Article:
Delhi: Two hospitals, IGI Airport receive bomb threats

The Delhi Fire Services on Sunday said that two city hospitals and Indira Gandhi International (IGI) Airport received bomb threats through email, reported the PTI.

The incident comes around 11 days after over 150 schools in Delhi-NCR received a bomb scare of unprecedented scale.

According to the PTI, the bomb threats were reported from Indira Gandhi International Airport, Burari Hospital in the northern part of the city and Sanjay Gandhi Hospital in outer Delhi, a senior official of the Delhi Fire Services (DFS) said.

The police sources told the PTI, the airport authorities received a threat email at 6 pm. After a call regarding the threat from Burari Hospital at 3 pm, local police, bomb squad, dog squad were rushed to the spot, Deputy Commissioner of Police (north) M K Meena said.

The teams that rushed to the spot checked the hospital but nothing suspicious has been found so far, the officials said, the news agency reported on Sunday.

In a statement, an official at the Burari Hospital said, “At around 3 pm, we received an email regarding a bomb in the hospital. After this, all the safety measures had been thoroughly checked and everything was stable. This was the first time we received such an email,” as per the PTI.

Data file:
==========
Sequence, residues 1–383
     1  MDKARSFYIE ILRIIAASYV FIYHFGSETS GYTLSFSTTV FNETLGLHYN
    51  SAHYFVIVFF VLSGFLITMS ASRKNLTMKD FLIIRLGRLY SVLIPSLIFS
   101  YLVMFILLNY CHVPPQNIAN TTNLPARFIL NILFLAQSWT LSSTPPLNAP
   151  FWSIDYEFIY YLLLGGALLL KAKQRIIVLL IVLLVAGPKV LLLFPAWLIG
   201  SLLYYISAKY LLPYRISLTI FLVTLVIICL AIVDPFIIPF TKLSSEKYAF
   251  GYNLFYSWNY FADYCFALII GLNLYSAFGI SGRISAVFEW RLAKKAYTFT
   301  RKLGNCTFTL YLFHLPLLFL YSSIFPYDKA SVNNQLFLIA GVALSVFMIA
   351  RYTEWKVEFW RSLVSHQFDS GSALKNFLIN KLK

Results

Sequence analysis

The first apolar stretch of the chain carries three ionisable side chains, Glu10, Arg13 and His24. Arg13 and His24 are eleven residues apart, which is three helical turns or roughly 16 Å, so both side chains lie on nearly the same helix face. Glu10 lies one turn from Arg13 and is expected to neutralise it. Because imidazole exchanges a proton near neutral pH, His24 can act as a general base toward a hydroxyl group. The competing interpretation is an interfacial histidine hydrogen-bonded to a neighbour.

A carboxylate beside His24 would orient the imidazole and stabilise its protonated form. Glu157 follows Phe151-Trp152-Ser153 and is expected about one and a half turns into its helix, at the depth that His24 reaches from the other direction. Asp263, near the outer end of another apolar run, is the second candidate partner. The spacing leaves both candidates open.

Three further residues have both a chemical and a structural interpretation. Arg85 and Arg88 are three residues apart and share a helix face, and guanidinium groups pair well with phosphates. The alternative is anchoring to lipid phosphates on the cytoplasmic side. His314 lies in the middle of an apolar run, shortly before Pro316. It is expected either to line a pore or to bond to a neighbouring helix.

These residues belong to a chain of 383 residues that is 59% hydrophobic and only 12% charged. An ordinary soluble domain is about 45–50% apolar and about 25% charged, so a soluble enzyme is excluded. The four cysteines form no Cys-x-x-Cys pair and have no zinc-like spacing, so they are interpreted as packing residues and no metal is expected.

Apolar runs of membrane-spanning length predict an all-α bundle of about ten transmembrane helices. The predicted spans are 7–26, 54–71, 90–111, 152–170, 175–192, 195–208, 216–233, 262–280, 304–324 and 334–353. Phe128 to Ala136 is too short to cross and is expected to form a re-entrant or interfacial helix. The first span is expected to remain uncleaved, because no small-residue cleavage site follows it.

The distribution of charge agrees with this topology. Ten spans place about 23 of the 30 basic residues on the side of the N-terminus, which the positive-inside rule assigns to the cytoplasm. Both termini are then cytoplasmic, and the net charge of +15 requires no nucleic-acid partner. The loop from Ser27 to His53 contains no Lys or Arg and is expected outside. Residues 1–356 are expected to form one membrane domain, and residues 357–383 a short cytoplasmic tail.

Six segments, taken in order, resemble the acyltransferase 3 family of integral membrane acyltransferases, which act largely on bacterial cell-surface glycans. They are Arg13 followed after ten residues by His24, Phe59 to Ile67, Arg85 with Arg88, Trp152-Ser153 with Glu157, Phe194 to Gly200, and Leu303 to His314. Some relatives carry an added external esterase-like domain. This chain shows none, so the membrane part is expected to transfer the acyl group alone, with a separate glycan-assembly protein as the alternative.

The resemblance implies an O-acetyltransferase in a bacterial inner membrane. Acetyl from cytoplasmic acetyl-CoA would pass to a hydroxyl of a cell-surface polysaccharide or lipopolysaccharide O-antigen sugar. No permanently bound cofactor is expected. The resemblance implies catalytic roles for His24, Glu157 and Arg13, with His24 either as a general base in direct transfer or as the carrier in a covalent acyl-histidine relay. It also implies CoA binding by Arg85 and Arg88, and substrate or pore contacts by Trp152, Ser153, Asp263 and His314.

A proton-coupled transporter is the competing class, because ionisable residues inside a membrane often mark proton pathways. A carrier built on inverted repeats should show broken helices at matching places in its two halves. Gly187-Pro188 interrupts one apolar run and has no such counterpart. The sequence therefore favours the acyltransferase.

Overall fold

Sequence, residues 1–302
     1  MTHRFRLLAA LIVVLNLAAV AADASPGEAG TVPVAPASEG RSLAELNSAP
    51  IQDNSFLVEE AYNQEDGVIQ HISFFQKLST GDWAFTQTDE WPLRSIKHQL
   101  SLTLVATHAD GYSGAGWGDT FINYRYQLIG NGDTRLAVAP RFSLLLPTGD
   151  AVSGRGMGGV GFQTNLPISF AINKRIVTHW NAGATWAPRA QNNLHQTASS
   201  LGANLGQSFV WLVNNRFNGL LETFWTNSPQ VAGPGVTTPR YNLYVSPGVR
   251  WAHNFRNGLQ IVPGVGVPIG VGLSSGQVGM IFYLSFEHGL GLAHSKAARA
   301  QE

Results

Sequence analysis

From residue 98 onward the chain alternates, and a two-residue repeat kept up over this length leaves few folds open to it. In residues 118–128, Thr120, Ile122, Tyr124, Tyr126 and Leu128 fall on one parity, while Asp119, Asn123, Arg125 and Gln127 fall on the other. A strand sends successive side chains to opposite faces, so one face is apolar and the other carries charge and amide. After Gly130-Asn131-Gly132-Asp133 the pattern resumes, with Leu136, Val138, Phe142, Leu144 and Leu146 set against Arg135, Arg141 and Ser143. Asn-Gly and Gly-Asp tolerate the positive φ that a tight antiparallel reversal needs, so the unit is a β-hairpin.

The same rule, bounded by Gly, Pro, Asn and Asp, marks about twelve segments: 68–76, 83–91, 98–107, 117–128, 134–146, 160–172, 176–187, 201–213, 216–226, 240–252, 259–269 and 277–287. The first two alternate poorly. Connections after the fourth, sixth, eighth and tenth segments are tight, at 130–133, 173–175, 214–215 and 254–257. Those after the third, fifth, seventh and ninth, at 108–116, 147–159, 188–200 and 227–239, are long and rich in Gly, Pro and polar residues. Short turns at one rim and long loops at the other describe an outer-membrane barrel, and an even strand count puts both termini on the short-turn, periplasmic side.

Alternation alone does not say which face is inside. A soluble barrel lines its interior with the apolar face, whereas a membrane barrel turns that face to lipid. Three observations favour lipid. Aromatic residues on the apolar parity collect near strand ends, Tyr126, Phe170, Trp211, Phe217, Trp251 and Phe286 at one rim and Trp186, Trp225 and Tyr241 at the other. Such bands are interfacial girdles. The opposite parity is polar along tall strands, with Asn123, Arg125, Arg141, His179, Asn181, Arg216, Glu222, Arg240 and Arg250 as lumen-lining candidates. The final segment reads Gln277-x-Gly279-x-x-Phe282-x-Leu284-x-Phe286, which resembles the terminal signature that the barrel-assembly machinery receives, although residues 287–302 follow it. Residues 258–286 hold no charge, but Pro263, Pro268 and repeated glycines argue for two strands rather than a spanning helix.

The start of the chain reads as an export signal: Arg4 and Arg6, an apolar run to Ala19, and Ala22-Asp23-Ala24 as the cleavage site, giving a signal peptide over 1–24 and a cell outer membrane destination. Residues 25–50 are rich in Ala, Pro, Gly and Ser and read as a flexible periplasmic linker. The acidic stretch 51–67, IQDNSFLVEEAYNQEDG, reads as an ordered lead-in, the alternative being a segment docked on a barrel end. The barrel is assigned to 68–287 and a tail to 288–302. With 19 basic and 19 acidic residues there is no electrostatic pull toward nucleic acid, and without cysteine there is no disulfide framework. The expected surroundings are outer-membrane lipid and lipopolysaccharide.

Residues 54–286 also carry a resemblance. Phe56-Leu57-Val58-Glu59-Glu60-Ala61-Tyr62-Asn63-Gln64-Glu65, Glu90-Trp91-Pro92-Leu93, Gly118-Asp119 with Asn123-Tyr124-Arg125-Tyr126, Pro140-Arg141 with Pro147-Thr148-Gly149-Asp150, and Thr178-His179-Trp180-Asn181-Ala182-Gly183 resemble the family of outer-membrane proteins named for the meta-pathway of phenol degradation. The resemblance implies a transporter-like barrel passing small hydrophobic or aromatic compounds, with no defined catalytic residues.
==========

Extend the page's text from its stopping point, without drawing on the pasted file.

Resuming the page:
Sanjay Gandhi Hospital also received a threat email around 3 pm, according to officials.

“Soon after the call, we immediately pressed two fire engines at both the locations. Our teams are still there as the search operation is going on,” a DFS official said.

On May 1, over 150 schools in Delhi-NCR received an identical threat email claiming that explosives had been planted on their premises, triggering massive evacuations and searches as panic-stricken parents rushed to pick up their children.

“Nothing objectionable” was found during searches by authorities which later declared it a hoax.

The Delhi Police`s anti-terror unit special cell has traced the domain of emails to Russia and it is suspected to have been formed with the help of the dark web — an encrypted online content that allows individuals to hide their identity and location from others.

(with PTI inputs)

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